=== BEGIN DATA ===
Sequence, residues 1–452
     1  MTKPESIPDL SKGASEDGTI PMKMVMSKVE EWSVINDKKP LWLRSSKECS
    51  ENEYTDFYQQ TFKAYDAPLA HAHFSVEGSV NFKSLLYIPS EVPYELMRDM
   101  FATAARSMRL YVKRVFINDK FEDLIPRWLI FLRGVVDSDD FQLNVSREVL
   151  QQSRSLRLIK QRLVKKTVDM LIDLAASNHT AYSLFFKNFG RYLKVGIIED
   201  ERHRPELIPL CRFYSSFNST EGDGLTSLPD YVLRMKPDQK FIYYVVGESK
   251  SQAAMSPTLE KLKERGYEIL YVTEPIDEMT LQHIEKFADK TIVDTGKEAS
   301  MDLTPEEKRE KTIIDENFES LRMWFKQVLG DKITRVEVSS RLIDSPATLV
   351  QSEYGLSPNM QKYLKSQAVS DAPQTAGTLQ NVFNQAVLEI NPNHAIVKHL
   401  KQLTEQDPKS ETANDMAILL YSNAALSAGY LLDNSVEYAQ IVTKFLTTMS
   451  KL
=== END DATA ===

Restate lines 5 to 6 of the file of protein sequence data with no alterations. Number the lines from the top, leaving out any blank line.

   151  QQSRSLRLIK QRLVKKTVDM LIDLAASNHT AYSLFFKNFG RYLKVGIIED
   201  ERHRPELIPL CRFYSSFNST EGDGLTSLPD YVLRMKPDQK FIYYVVGESK